Thus Calvin consistently maintained that, whereas the spiritual kingdom is involved in the restoration of true righteousness (the spiritual use of the law), the civil order is merely involved in the restraint of outward unrighteousness (the civil use of the law). The best civil government can do is to create the conditions in which the Gospel can create true righteousness. Still, Calvin insists, ‘this constrained and forced righteousness is necessary for the public community of men’. Even believers need this external enforcement of the law because their sanctification is incomplete (2.7.10).
Calvin's theoretical distinction between the spiritual and civil uses of the law was in turn related to his distinction between natural law and the various types of biblical law. Calvin argued that scripture alone holds authority in matters of faith, but he maintained that ‘human reasons’ hold an important place in ‘matters which concern men’.
To be sure, here too counsel is always to be taken with reference to the teaching of scripture.
And Calvin agreed with the other magisterial reformers that the essence of the magistrate's task is the enforcement of the outward piety and justice of the natural moral law, which is most clearly revealed in scripture.
But Calvin distinguished sharply between the Old Testament law that applied uniquely to Israel and the natural moral law that applies to all people. He rejected the claim that a commonwealth must conform to the laws of Moses as being ‘perilous and seditious’, not to mention ‘false and foolish’ (4.20.14).
It is a fact that the law of God which we call the moral law is nothing else than a testimony of natural law and of that conscience which God has engraved upon the minds of men. Consequently, the entire scheme of this equity of which we are now speaking has been prescribed in it. Hence, this equity alone must be the goal and rule and limit of all laws. Whatever laws shall be framed to that rule, directed to that goal, bound by that limit, there is no reason why we should disapprove of them, howsoever they may differ from the Jewish law or among themselves. (4.20.16)
For that reason Christians should expect to find the natural moral law reflected in the politics and philosophies of all peoples and nations, not only in scripture.
Certainly Calvin believed the natural moral law is summarised and clarified in the Ten Commandments, beyond which ‘nothing can be wanted as the rule of a good and upright life’. But that left the vast balance of Old Testament rules and regulations open to interpretation in accord with natural law, and many of them could be readily recognised as political and ceremonial laws potentially useful for, but no longer binding on, Christian commonwealths. In other words, for Calvin it was not enough to show that a particular prescription or proscription appears in scripture. The essential task was to determine, through reason, experience and careful biblical reflection, whether it was an obligation of natural law.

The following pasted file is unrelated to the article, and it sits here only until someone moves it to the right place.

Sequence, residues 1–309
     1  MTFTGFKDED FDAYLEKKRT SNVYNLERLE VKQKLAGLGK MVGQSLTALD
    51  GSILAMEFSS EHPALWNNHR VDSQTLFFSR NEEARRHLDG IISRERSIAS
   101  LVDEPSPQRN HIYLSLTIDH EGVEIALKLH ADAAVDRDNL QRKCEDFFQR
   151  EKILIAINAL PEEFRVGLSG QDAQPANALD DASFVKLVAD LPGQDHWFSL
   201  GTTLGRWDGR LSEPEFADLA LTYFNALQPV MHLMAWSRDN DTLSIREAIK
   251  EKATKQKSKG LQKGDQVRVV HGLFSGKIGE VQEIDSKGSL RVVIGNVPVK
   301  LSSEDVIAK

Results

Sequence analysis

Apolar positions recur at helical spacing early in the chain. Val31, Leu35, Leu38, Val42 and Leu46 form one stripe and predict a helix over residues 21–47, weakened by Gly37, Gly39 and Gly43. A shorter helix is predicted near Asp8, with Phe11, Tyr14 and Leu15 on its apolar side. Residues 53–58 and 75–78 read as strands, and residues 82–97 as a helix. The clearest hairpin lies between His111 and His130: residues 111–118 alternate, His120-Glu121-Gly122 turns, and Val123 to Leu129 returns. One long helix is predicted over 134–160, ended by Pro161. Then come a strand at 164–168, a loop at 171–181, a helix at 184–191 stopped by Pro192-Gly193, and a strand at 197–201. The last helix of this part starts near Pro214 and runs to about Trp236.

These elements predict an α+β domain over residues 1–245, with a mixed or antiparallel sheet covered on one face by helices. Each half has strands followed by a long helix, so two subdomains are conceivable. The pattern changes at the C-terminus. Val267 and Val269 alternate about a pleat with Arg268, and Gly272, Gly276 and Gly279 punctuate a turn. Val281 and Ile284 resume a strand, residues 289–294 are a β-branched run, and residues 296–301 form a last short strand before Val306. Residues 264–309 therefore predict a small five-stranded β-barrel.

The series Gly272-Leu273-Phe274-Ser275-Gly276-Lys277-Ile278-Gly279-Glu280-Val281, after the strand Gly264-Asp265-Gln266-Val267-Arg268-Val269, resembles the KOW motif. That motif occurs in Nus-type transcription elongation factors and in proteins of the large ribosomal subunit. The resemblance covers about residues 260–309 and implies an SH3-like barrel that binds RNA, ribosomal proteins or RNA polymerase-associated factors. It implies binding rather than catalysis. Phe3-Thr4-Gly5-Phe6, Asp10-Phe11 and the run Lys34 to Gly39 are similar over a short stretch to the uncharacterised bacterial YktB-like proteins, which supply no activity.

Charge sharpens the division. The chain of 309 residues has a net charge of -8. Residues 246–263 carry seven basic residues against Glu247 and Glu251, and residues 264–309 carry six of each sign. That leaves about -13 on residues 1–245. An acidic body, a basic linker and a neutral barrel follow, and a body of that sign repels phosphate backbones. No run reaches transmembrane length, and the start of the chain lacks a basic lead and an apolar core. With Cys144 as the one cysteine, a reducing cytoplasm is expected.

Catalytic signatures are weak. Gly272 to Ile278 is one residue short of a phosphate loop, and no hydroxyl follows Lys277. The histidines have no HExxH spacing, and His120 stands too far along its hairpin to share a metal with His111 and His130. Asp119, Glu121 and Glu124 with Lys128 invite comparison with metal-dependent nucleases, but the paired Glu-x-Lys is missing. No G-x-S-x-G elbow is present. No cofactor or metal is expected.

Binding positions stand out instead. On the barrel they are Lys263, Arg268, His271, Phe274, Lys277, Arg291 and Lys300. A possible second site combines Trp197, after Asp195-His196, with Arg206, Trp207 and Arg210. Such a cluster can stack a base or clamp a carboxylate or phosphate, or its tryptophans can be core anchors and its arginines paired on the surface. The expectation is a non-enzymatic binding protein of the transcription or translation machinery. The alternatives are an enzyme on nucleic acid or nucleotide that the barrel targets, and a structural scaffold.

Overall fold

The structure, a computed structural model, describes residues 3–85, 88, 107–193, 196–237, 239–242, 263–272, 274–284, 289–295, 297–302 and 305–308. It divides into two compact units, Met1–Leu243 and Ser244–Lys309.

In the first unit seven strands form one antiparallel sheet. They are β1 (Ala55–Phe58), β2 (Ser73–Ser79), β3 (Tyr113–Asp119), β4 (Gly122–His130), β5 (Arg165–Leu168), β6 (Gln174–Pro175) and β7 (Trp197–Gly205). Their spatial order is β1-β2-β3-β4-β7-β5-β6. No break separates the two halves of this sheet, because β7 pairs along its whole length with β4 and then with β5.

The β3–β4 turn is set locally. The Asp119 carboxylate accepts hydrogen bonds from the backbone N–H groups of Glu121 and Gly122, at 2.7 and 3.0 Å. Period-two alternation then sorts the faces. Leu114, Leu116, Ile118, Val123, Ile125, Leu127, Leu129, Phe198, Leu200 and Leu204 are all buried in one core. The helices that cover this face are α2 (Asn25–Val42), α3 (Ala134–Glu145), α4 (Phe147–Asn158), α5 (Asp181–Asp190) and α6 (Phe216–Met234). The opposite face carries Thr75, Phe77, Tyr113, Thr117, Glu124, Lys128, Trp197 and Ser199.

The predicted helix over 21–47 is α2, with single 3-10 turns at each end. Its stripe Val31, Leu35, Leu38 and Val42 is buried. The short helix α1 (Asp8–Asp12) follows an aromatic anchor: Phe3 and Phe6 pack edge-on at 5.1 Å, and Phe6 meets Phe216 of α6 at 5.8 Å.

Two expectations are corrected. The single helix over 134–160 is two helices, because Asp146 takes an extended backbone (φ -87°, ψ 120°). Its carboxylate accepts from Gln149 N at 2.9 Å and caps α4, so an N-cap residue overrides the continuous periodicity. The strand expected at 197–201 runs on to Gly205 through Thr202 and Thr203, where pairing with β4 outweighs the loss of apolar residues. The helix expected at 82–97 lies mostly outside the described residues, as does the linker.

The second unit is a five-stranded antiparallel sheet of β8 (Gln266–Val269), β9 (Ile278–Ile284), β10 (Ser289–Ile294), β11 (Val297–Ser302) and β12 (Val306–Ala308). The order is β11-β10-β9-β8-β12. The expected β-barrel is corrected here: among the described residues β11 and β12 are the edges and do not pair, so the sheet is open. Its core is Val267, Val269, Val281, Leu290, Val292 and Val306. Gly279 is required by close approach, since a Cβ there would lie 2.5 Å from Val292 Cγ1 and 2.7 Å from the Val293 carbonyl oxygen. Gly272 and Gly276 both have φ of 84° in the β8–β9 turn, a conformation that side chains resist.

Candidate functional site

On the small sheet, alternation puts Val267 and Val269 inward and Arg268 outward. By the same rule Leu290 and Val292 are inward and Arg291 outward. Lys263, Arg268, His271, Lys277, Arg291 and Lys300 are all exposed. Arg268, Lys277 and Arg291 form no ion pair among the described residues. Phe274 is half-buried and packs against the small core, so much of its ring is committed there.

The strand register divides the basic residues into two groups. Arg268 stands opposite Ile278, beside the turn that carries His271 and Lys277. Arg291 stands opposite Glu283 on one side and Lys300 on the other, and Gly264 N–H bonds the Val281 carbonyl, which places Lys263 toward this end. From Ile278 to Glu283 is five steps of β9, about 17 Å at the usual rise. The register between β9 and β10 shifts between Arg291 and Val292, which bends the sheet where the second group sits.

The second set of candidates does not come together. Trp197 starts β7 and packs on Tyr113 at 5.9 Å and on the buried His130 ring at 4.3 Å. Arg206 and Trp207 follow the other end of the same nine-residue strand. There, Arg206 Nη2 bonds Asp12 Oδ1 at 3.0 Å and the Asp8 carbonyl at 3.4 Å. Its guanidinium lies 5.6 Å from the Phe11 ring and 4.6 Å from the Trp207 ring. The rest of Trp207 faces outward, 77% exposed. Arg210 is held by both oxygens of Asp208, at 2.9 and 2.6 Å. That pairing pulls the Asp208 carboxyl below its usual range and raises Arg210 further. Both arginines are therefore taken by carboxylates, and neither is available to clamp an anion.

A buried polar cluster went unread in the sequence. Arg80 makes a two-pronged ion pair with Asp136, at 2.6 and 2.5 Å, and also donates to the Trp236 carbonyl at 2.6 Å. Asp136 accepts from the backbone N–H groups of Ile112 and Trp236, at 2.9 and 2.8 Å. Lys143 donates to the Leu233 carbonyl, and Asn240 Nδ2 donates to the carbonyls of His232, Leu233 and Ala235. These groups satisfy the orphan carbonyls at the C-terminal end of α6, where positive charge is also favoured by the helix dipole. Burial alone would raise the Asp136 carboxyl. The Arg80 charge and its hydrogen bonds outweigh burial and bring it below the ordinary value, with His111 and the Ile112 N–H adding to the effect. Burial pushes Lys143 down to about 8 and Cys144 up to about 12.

The limitations of civil law
What is most striking about Calvin's analysis of the political laws of the Torah in light of the natural law is not that he finds many of them to be unique to Israel and therefore inapplicable to Christian societies. We expect this.
What we perhaps do not expect is Calvin's consistent willingness to recognise that a good number of them fail to measure up to the natural law. And it is this recognition that leads Calvin to articulate a vital rule of interpretation with important political theological implications: Israel's laws tolerated significant injustice due to the hardness of human hearts.
Calvin did not invent this principle, of course. He found an exegetical basis for it in Jesus' declaration that Moses' law of divorce accommodated human depravity in a way that fell short of God's intent for marriage at creation. What is innovative on Calvin's part is that he deduces a broader interpretive principle from Jesus’ declaration, using his own discretion to apply it to a range of cases revolving around marriage, divorce, violence and the treatment of slaves and prisoners. In each of these cases he judges the law to be morally insufficient in comparison with the natural law of equity, and in each of these cases he explains the insufficiency as a necessary accommodation to the hardness of human hearts. The accommodation of human depravity thus becomes characteristic, even typical of ‘civil laws, the principle of which is not so exact and perfect, since in their enactment God has relaxed his just severity in consideration of the people's hardness of heart’.
If such is true of the Torah, designed for a people with unique political status as God's own, how much more for other political societies, even Christian ones, who do not have such a status?
Calvin interprets Jesus' comments on divorce against the backdrop of his criticism of the Pharisees, who, he says, wrongly interpreted the Torah's accommodation of divorce as indication that divorce is morally justified. The Pharisees failed to recognise that the law of divorce was a political law rather than a spiritual law, but the difference is crucial. ‘For political laws are sometimes accommodated to the manners of men, but God, in prescribing a spiritual law, looked not at what men can do but at what they ought to do.’ Jesus therefore challenged the assumption that ‘what is tolerated by the political law of Moses is on that account considered licit in the sight of God’.
Divorce was permitted because the people were incapable of attaining to a higher legal standard, not because it is just. Yet as Jesus made clear, the true standard of justice is much higher, and it is rooted in the natural law of the created order.